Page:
[Google Scholar]
  40. Miller, D. R.
    (2013) Another look at Social Semiotic Stylistics: Coupling Hasan’s ‘Verbal Art’ framework with ‘the Mukařovský-Jakobson theory’. InC. A. M. Gouveia & M. F. Alexandre (Eds.), Languages, metalanguages, modalities, cultures: Functional and socio-discoursive perspectives (pp.121–140). Lisbon: BonD.
    [Google Scholar]
  41. (2016) Jakobson’s place in Hasan’s Social Semiotic Stylistics: ‘Pervasive parallelism’ as symbolic articulation of theme. InW. Bowcher & J. Liang (Eds.), Society in language, language in society: Essays in honour of Ruqaiya Hasan (pp.59–80). Basingstoke: Palgrave Macmillan. 10.1057/9781137402868_3
    https://doi.org/10.1057/9781137402868_3 [Google Scholar]
  42. (2017a) Language as Purposeful. Functional Varieties of Text (2nd ed.). Bologna: AMSActa/AlmaDL. Available from: amsacta.unibo.it/5504/ (last accessed17/03/2020).
    [Google Scholar]
  43. (2017b) Language and verbal art. InT. Barlett & G. O’Grady (Eds.), Routledge handbook of Systemic Functional Linguistics (pp.506–519). Abingdon, Oxon: Routledge.
    [Google Scholar]
  44. (2019a) Language and literature. InG. Thompson, W. L. Bowcher, L. Fontaine, & J. Y. Liang (Eds.), Cambridge handbook of Systemic Functional Linguistics (pp.689–713). Cambridge: Cambridge University Press. 10.1017/9781316337936.028
    https://doi.org/10.1017/9781316337936.028 [Google Scholar]
  45. (2019b) Methodological triangulation for monitoring teaching practices. Presentation at theEuropean Systemic Functional Linguistics conference 2019, 3–5 July 2019, Leiria, Portugal.
    [Google Scholar]
  46. Miller, D. R., & Luporini, A.
    (2018) Systemic Socio-Semantic Stylistics (SSS) as appliable linguistics: The cases of literary criticism and language teaching/learning. InA. Sellami-Baklouti & L. Fontaine (Eds.), Perspectives from Systemic Functional Linguistics (pp.229–248). Abingdon, Oxon: Routledge. 10.4324/9781315299877‑12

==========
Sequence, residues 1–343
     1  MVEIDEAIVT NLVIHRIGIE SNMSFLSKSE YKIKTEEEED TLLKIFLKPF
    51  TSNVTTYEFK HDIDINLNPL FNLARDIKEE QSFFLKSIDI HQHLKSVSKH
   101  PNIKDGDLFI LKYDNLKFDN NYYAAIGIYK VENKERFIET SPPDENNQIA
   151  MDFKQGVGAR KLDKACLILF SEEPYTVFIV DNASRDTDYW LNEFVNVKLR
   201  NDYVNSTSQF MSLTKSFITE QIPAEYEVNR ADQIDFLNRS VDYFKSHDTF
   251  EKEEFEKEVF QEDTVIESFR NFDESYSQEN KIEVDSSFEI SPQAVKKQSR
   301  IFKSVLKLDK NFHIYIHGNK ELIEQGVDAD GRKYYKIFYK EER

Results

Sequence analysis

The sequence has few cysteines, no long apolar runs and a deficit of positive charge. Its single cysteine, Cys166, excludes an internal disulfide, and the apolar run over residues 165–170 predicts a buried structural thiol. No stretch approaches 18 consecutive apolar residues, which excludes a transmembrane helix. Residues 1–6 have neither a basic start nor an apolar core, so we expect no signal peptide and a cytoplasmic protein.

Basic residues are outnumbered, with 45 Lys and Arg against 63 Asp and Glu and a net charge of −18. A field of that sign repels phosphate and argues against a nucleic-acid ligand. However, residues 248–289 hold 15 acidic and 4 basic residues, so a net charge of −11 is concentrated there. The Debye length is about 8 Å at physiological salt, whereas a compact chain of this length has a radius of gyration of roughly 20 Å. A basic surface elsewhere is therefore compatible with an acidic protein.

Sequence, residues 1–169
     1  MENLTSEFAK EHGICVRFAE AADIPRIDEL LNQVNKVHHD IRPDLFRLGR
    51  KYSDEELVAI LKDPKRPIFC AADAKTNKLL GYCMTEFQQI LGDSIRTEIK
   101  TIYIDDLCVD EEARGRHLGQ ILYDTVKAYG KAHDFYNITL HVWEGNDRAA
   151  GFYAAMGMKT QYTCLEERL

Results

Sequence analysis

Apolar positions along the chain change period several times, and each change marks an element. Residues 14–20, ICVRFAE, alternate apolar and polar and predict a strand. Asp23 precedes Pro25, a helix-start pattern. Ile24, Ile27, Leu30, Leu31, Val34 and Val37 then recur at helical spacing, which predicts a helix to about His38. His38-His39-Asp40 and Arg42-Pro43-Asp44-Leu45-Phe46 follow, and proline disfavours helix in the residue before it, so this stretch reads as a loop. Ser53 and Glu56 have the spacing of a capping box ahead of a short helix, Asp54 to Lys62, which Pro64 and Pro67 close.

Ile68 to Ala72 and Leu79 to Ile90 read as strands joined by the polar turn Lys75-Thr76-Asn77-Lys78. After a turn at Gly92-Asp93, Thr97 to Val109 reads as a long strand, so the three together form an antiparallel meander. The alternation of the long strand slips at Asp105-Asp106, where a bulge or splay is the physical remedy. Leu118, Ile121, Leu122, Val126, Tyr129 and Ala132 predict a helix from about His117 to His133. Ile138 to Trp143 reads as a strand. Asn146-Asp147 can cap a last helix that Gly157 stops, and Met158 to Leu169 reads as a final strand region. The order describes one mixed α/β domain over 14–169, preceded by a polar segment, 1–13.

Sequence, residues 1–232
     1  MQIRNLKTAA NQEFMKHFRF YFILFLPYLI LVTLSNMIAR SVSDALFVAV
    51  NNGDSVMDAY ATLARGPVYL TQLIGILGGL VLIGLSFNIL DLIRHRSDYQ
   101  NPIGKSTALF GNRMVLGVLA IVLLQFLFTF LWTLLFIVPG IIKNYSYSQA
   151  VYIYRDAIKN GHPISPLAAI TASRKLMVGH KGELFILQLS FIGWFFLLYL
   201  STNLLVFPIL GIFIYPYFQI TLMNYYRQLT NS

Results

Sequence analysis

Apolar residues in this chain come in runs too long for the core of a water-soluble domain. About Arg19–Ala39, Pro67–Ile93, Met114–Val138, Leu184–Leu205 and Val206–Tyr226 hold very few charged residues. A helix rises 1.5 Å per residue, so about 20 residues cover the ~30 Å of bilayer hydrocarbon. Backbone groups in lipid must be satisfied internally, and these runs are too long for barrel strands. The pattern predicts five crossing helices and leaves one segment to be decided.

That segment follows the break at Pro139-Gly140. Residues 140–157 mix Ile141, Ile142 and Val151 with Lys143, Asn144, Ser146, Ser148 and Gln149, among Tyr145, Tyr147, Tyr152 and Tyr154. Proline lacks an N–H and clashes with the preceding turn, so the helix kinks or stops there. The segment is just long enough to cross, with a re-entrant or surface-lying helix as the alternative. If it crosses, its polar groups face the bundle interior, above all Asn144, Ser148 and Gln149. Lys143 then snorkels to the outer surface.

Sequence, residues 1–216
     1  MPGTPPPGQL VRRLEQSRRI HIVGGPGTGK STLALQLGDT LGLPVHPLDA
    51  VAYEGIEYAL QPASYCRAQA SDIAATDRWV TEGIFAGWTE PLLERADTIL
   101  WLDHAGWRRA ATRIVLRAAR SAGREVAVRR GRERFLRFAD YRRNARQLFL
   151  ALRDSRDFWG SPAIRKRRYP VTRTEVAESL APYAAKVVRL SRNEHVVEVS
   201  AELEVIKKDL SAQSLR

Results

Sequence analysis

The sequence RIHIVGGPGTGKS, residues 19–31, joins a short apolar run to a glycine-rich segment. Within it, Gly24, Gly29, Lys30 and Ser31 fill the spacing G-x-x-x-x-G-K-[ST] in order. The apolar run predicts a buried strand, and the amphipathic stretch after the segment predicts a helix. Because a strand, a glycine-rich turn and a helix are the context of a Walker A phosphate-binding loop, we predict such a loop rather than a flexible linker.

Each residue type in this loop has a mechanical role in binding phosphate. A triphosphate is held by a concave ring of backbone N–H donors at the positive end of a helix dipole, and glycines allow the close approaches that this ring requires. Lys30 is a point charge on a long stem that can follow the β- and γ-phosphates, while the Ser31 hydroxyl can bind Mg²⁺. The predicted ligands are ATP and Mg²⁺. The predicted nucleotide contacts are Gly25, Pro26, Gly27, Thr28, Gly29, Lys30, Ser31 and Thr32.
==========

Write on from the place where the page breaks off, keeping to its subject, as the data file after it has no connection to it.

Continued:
https://doi.org/10.4324/9781315299877-12 [Google Scholar]
  47. Mukařovský, J.
    (1932/1964) Standard language and poetic language. InP. Garvin (Ed. and Trans.), A Prague School reader on aesthetics, literary structure and style (pp.17–30). Washington, D.C.: Georgetown University Press.
    [Google Scholar]
  48. Paulhus, D. L.
    (1984) Two-component models of socially desirable responding. Journal of Personality and Social Psychology46(3), 598–609. 10.1037/0022‑3514.46.3.598
    https://doi.org/10.1037/0022-3514.46.3.598 [Google Scholar]
  49. Ryan, F., Coughlan, M., & Cronin, P.
    (2009) Interviewing in qualitative research: The one-to-one interview. International Journal of Therapy and Rehabilitation16(6), 309–314. 10.12968/ijtr.2009.16.6.42433
    https://doi.org/10.12968/ijtr.2009.16.6.42433 [Google Scholar]
  50. Schleppegrell, M.
    (2013) The role of metalanguage in supporting academic language development. Language Learning63(Suppl. 1), 153–170. 10.1111/j.1467‑9922.2012.00742.x
    https://doi.org/10.1111/j.1467-9922.2012.00742.x [Google Scholar]
  51. Thompson, G.
    (2014) Introducing Functional Grammar (3rd ed.). Abingdon, Oxon: Routledge. 10.4324/9780203785270
    https://doi.org/10.4324/9780203785270 [Google Scholar]
  52. Williams, G.
    (2004) Ontogenesis and grammatics: Functions of metalanguage in pedagogical discourse. InG. Williams & A. Lukin (Eds.), The development of language: Functional perspectives on species and individuals (pp.241–267). London/New York: Continuum.
    [Google Scholar]
  53. (2016) Reflection literacy in the first years of schooling: Questions of theory and practice. InW. Bowcher & J. Y. Liang (Eds.), Society in language, language in society: Essays in honour of Ruqaiya Hasan (pp.333–356). Basingstoke: Palgrave Macmillan. 10.1057/9781137402868_14
    https://doi.org/10.1057/9781137402868_14 [Google Scholar]
  54. Zyngier, S., & Fialho, O.
    (2016) Pedagogical stylistics: Charting outcomes. InV. Sotirova (Ed.), The Bloomsbury companion to stylistics (pp.208–230). London: Bloomsbury.
    [Google Scholar]
  55. Zyngier, S., Fialho, O., & Rios, P. A. D. P.
    (2007) Revisiting literary awareness. InG. Watson & S. Zyngier (Eds.), Literature and stylistics for language learners (pp.194–209). Basingstoke: Palgrave Macmillan. 10.1057/9780230624856_15
    https://doi.org/10.1057/9780230624856_15 [Google Scholar]
http://instance.metastore.ingenta.com/content/journals/10.1075/rs.19003.mil
Loading
/content/journals/10.1075/rs.19003.mil
Loading

Data & Media loading...

This is a required field
Please enter a valid email address
Approval was successful
Invalid data
An Error Occurred
Approval was partially successful, following selected items could not be processed due to error